Halloween Allergy Style

Halloween is always a scary time for those of us with food sensitive children. That said, Halloween is a time where I am reminded constantly of how proud I am of my children.

Yesterday was the first time they had a Halloween party at school with both of them being celiac. Mr Man had one last year, but his class was nut free and he still ate wheat then.

I was nervous. Really nervous. I texted Runner Girl about my nervousness. She reminded me that I have smart kids who know what they can and can’t eat. And so I talked to them and talked to them and prayed that it would all be okay. As a parent of allergic children there’s this fine line where you want your children to be able to participate in events like all the other kids, but you want them to be safe and secure. Sometimes that means keeping them home, or making hard decisions. But yesterday I let them go.

And they wowed me. Mr Man had asked me to send him with cheese and crackers. He knew that the cheese and cracker plate would be off-limits for him – he knew he couldn’t eat the cheese if it was on the same plate (I learned today that the brilliant parents sent cheese strings individually wrapped which avoided cross contamination). He ate the plate of cheese and crackers I brought him and was even too full to bring the cupcake I had brought!

Miss A also ate cheese and crackers I sent her (we did a special treat of dairy for her birthday) and also ate the cupcake. They ate a couple of veggies from the platter that was brought in but other than that they stuck to their own food. And they were fine. They told the parent volunteers that they had to be careful. One of the parent volunteers in Mr Man’s class informed me today that she was really impressed with how diligent Mr Man was. Makes me proud.

Last night they went out trick or treating. Now, we live in Alberta. Cold Alberta. Snowy Alberta. We had snow on the ground and it was below freezing for the Halloween night. The kids braved the elements with their snowsuits under their costumes and headed out. For 2 full hours. They came back once midway, dumped their candy on the floor and started sorting. Smarties, twizzlers and reese anything immediately went into the hand-out bowl. I worked on the other stuff – the oh henry’s, the mars, the coffee crisp and nestle crunch (both of which went into Chef Husband’s bowl), the jolly rancher chewies. If it didn’t have ingredients on it, it went into the hand out bowl. While I was sorting kids came to the door. Mr Man asked each kid if they had any allergies and if they didn’t, he’d dump a whole lot of gluten and nut filled candy into their bag. If they did, he grabbed from our allergy-safe bowl. He’s 6.5 and I was so proud.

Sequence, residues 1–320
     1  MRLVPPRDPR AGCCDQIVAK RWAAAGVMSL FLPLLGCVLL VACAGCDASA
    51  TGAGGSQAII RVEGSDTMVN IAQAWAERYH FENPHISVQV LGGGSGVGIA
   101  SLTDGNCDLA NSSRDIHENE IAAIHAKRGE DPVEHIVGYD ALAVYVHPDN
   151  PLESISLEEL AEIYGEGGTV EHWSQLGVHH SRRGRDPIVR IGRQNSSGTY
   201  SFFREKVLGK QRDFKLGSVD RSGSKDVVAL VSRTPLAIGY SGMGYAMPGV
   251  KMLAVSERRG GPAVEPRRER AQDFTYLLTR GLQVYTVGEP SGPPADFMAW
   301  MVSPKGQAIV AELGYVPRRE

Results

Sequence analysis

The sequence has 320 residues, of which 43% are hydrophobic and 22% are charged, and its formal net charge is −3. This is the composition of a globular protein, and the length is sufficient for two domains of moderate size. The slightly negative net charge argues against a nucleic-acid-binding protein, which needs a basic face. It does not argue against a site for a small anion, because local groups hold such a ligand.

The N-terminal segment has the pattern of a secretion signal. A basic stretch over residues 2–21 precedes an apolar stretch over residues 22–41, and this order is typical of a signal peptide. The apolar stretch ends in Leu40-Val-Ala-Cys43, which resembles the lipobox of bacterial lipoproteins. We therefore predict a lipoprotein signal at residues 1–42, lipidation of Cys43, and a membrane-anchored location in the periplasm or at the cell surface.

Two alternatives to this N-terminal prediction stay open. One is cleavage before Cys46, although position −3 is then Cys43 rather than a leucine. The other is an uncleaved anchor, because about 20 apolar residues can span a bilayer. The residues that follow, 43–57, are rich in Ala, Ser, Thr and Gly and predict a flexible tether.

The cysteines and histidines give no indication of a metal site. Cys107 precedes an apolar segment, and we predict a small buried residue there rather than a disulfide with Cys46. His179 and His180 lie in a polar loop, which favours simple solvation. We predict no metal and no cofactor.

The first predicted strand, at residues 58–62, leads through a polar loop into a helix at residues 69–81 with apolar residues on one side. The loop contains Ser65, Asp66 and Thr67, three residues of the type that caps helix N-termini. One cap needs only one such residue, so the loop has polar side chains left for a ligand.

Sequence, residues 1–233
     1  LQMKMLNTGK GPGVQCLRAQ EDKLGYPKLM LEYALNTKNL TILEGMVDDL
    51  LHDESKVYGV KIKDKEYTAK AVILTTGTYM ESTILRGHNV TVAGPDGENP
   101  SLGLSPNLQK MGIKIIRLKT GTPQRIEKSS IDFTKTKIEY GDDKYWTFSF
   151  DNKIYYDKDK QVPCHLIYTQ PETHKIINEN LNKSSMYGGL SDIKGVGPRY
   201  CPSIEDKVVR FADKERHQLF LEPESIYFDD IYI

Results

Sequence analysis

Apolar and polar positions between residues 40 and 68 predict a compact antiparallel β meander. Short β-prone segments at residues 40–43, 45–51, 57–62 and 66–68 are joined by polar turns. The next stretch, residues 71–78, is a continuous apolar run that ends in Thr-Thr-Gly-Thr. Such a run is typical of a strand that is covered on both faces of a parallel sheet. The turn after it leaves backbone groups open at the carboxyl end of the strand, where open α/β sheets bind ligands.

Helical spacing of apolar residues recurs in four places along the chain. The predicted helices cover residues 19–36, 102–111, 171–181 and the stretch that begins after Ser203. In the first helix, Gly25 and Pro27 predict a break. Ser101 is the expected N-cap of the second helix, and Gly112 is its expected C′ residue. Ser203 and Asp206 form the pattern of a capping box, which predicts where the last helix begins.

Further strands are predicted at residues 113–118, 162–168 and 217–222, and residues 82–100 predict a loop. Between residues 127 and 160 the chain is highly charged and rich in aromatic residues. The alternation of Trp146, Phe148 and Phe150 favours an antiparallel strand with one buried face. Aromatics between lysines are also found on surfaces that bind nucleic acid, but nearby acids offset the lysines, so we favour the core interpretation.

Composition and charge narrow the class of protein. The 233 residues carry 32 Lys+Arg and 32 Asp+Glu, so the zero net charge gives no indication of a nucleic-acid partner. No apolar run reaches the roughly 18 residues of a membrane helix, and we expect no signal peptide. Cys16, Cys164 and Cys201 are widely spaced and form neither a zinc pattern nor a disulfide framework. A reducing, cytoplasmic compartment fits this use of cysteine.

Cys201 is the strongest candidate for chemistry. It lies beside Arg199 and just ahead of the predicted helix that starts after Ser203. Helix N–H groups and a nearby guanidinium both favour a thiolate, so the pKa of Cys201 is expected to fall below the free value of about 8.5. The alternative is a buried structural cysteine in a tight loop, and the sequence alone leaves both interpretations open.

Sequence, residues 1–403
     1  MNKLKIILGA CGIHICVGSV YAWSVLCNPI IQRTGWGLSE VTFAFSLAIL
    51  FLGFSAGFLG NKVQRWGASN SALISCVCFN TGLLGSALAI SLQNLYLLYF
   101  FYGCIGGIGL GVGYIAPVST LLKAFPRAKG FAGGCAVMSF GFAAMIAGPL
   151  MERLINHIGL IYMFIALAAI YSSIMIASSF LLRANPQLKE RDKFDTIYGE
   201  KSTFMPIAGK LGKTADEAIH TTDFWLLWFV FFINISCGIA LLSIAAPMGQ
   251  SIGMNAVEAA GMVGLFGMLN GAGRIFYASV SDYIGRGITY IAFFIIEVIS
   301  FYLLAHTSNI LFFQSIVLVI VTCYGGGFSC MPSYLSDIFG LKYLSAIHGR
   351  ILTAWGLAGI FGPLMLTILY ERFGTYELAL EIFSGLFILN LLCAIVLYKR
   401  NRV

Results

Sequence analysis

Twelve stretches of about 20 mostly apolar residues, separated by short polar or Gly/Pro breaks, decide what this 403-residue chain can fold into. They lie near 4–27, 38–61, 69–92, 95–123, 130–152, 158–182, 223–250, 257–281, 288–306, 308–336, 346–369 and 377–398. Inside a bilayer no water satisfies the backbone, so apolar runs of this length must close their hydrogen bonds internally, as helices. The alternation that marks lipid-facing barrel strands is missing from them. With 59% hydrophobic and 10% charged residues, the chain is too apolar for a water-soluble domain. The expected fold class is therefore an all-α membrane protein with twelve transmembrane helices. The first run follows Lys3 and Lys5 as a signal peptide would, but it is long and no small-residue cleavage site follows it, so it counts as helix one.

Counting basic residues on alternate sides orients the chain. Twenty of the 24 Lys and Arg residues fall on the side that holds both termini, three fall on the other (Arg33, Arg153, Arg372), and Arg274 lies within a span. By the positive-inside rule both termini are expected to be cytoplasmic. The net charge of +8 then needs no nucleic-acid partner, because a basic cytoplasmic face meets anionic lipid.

I maintain that raising your children to be their own advocates is key. Teaching them what they can and can’t eat needs to be at the forefront. As much as we want to, we can’t protect our children without their help. Knowing that my children are so cognizant of their allergies and aware of their limitations makes me feel like I’m doing a good job. I’ve said it a few times in this post but I will say it again: I’m so proud of both of my kids.

(In fact, as I was typing this, Mr Man who stayed home from school today pulled out Nibs from his candy bag and said “moooooommm! You left these in my bag! I can’t eat these!” and put them aside.)

Happy Halloween!

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1 Comment (+add yours?)

  1. Celiac and Allergy Adventures
    Nov 01, 2012 @ 17:44:47

    I agree! I had food allergies from a very,very young age (back when it wasn’t common) and I quickly learned what I could and couldn’t eat. Learning so young, it was drilled into me that I had to speak up for myself and advocate for myself. It will make it so much easier on them when they’re older!

    Reply

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